Even as Thanksgiving beckons, the violent sights, sounds, and scenes from a night of rioting in Ferguson, Mo., linger in memories across the nation and around the world. For most of us, news and reports of this national tragedy unfolded not on our familiar streets but on our TV screens, our cell phones, and the pages of social media.

And so we watched, either on a large screen TV or a laptop, video footage of crowds throwing bricks at police and setting patrol cars on fire in the battle-weary St. Louis suburb. In shock, we observed reporters being hit by hurled stones and running from smoke during what should have been a peaceful demonstration to protest the decision of a grand jury which had chosen not to indict a white police officer, Darren Wilson, for the Aug. 9 death of Michael Brown, an unarmed 18-year-old black man. As police fired rounds of tear gas and bean bags directly into the crowd, we perused the reactions of our friends on Facebook and gleaned more information on Twitter about locals burning down buildings and looting stores.

Whether today we feel upset, excited, angry, horrified, or anguished — whether or not issues of justice are foremost in our minds — many of us wonder about the influence of the media. Did the media play a role in inciting this riot?

Since the media have long encouraged violence, destruction, some might say, is its natural consequence.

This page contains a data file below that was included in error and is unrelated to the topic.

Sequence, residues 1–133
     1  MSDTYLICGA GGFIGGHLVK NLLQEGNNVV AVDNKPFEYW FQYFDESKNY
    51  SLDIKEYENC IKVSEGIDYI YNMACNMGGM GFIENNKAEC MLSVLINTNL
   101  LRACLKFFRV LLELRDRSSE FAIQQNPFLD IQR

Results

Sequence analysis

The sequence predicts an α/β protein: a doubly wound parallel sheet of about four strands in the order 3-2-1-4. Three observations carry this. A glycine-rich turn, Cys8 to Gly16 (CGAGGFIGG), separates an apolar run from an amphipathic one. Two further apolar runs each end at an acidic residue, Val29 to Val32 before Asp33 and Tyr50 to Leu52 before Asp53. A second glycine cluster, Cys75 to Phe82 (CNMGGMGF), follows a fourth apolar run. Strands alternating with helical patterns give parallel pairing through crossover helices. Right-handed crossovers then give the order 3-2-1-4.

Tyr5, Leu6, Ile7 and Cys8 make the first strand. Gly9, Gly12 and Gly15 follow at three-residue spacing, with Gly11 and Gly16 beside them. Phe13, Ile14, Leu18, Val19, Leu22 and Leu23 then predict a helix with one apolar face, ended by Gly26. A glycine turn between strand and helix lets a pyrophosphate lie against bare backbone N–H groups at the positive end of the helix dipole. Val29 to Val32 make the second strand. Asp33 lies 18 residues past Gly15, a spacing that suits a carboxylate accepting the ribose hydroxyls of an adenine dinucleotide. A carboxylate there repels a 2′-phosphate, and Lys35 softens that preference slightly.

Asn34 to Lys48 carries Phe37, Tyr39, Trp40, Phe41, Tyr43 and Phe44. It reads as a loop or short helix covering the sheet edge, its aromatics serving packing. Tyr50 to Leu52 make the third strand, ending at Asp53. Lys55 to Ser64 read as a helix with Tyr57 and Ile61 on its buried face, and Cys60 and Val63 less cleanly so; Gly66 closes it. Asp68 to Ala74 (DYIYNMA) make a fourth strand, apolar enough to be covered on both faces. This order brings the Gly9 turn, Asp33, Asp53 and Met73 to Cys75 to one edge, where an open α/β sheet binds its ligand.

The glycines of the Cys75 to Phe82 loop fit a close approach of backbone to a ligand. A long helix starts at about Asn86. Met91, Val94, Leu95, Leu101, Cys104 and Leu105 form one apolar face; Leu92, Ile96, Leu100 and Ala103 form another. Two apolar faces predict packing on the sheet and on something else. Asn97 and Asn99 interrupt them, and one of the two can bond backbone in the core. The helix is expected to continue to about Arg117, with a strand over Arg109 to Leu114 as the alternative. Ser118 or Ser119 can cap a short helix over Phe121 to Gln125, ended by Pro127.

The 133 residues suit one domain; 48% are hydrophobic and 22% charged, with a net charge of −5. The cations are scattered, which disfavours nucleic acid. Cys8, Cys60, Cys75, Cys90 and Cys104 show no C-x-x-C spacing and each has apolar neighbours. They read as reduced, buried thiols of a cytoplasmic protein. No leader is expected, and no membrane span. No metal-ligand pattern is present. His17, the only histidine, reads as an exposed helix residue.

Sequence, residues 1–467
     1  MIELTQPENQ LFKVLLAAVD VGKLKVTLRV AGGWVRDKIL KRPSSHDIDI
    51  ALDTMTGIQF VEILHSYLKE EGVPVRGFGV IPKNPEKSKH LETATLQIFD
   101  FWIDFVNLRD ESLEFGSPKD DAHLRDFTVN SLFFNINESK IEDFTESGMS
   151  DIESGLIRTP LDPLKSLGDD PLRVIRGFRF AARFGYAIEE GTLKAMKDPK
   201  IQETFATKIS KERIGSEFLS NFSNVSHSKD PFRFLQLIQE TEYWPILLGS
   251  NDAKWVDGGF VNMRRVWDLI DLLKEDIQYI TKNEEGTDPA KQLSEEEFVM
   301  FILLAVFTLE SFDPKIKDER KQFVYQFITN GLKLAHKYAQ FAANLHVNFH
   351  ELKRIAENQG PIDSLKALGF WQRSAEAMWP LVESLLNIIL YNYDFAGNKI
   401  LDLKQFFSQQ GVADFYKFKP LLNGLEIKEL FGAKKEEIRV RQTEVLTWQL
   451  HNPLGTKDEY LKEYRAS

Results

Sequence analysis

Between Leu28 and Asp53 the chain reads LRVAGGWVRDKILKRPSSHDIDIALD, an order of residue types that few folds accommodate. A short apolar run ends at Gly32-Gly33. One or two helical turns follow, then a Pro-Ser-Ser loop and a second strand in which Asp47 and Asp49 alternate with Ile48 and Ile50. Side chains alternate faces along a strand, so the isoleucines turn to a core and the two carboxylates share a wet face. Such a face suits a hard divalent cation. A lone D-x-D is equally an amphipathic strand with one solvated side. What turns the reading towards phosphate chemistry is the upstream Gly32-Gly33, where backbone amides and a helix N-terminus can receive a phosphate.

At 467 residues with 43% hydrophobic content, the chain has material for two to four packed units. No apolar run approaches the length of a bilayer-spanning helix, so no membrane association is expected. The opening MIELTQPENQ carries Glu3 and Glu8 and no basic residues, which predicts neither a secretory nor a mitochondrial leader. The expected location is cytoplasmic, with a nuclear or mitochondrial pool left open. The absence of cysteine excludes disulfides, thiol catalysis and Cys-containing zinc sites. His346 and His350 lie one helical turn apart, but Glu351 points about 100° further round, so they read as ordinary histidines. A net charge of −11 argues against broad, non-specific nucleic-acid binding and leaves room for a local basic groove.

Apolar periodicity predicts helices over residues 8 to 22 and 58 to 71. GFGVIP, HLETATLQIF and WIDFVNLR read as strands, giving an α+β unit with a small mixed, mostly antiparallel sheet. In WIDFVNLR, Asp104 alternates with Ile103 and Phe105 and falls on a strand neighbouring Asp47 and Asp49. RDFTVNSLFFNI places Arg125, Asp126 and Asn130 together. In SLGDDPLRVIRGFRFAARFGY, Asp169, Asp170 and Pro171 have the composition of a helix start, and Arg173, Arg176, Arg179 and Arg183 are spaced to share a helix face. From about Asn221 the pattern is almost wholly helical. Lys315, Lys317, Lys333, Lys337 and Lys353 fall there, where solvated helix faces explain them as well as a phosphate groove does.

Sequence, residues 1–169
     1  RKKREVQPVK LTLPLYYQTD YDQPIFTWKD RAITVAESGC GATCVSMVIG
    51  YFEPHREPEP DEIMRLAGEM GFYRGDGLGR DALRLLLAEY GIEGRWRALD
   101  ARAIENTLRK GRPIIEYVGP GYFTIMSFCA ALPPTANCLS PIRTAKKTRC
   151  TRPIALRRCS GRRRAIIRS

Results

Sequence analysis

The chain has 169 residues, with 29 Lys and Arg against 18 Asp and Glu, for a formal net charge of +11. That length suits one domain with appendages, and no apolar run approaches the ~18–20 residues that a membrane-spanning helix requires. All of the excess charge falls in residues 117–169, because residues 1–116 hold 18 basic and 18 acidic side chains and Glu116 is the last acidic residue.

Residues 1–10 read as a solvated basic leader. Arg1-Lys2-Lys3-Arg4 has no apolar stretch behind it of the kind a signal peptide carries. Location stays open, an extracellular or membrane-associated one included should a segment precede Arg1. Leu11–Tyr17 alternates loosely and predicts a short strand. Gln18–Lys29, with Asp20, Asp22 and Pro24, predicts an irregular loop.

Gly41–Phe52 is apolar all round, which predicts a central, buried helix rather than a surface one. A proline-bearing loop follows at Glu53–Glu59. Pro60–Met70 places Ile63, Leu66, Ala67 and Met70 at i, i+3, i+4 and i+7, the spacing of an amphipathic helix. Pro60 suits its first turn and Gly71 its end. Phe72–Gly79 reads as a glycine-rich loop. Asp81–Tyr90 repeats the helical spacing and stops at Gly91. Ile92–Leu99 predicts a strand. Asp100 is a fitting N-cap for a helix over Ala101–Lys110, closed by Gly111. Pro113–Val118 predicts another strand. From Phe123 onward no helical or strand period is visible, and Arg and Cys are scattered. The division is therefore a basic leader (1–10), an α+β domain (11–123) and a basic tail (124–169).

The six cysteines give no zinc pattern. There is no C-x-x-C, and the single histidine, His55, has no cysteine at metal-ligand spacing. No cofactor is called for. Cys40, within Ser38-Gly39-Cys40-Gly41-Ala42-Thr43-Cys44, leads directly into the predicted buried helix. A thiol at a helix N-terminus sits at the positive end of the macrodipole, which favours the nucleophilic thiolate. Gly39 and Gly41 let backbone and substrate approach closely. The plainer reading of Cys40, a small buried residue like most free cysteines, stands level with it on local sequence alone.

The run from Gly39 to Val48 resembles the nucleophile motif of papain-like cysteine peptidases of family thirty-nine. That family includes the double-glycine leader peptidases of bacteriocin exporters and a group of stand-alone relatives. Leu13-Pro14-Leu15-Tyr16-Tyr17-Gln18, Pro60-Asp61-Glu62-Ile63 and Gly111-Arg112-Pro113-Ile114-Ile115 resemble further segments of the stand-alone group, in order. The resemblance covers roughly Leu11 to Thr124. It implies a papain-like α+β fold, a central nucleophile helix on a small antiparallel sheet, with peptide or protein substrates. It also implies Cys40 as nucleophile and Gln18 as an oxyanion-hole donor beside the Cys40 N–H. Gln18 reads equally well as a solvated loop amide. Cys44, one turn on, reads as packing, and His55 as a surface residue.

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Police officers look over the site of a building that was burned in riots the previous night in Ferguson, November 25, 2014. REUTERS/Jim Young

“The effects of media are cumulative and subtle and insidious and occur over a long period of time,” said Dr. Victor C. Strasburger, an expert on children and media at University of New Mexico School of Medicine. He believes media, which “have become kind of electronic parents,” are “one of the most powerful influences on children and teens that we know of… and unfortunately underappreciated” by most everyone. (In fact, most of us overestimate the effects of mass communication on everyone else while underestimating its possible effect on ourselves.)

More to the point, Strasburger supports the idea that the media creates “a mean and scary world.” Here, he is referring to an idea of George Gerbner, who coined the term “mean world syndrome” to describe how people who watch large amounts of TV are more likely to believe the world is a dangerous and frightening place. “People over-estimate their risk of being mugged and killed,” Strasburger explained. “And people think violence is an acceptable solution” for resolving conflicts. The mean world syndrome, then, would certainly help to explain the tendency to turn a demonstration into the mob violence seen in Ferguson.

“There are media effects here — clearly we’ve become a more violent society,” Strasburger says to Medical Daily. “And I think police are scared out of their wits that someone will pull a gun on them.”

What the Studies Say